" Jamming the Bruise "
By: Jorga Mesfin
" You may have bruised your soul trying to fit into an infamous space known as the Diaspora. But, the beauty is in the fact that the soul can only be bruised and not maimed. And, bruises do heal!"
For the last 8 years, I have used music as my personal healer for these random bruises. Beautiful yet demanding, she has provided food for love, praise for God, and comfort for pain. I play music less for a living, than to celebrate life. In her I find the only time and place when I am not aware of the foreignness in my present surroundings.
The transformation that I undergo when immersed in music comes from the power of knowing that for that sacred moment, I have the power to create a world of sound that is designed in exact accordance to my soul’s needs. For a world that is usually alien to others, I still find those few blessed moments when this world opens its doors and communicates its beauty to all that are near it. As a musician, I try to create images of sound that have the power to communicate my vision of love, hope and faith to all that are willing to be temporary co-inhabitants in my world.
Do I have any proof that any of the above works? No. But I do have my own repeated experiences and memories of tears and smiles induced by the music others. John Coltrane has made me pray better, and Aster Aweke has made me cry necessary tears. Nina Simone has made me fight harder, and Kassa Tessema has made me love deeper. Through their art form, they invited me into their world and gave me a chance to reside in sounds that were borne out of their experience.
I do not suffer from such an immense illusion of grandeur to claim that my music can provide to others what the respective artists mentioned above have provided for me. But, I can always hope and look forward to the day that I too can attain the level of artistic development required to connect and invite others into my sound world.
Even if you do not realize it, we all are artists. We go through each day encountering events that we try to make sense out of to the best of our abilities and life skills. Most of us living outside Ethiopia have tried to make sense of our new surroundings by recognizing them as events that will allow us to accomplish different goals. For some of us it has been making as much money as possible; for others it has been as much education. Some have chosen or have been forced to forget Ethiopia as home, and some keep hanging on to the concept of a brighter and peaceful Ethiopia as if it were a life jacket. And the list goes on. But each of us will need our own personal soul healer. And we might have a better time if the way we heal our individual souls is not at the expense of our collective well being.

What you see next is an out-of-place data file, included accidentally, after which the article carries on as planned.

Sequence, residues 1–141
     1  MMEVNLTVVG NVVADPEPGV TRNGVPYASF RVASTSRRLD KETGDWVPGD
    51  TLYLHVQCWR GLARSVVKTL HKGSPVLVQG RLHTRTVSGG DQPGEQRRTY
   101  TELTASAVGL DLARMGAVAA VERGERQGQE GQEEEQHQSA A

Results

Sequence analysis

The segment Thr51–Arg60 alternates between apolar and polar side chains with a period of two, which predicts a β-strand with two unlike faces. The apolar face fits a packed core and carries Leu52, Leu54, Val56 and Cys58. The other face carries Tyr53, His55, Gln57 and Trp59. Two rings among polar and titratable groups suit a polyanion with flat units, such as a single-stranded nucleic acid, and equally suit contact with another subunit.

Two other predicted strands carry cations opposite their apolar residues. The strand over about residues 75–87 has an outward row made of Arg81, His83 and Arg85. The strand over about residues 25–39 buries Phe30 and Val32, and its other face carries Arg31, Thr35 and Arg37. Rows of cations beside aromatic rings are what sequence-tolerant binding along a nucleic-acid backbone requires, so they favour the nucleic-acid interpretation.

Back to music.
If you do not believe that music has power, the next chance you get a chance, catch a live Ethiopian music concert. You will notice beautifully adorned men and women come in all their glory and pomp, carefully watching their walk and attitude, giving the world their best appearance. Depending on where you live, and price people paid to get in, what I will describe next will take four to ten songs into the show.
…earrings flying, shirts drenched, shoes off. The girl who would not look up from her table during dinner is now pushing the singer aside to engage in an Eskesta duel. And if you are lucky and someone isn’t, the unlucky one will try to dive off the stage into his crowded group of friends only to find that they had politely cleared him ample landing space on the hard wood floor. I always get baffled with the power of music, especially when I try to imagine the above happening with the music muted out of the scenario.
I pray that music will continue to be a source of peace in my life and that I shall one day succeed to share my visions and hopes for life through the
world of sound. I also would like to humbly invite you to play this instrument called life. And for those who are already playing their hearts out, keep on jamming.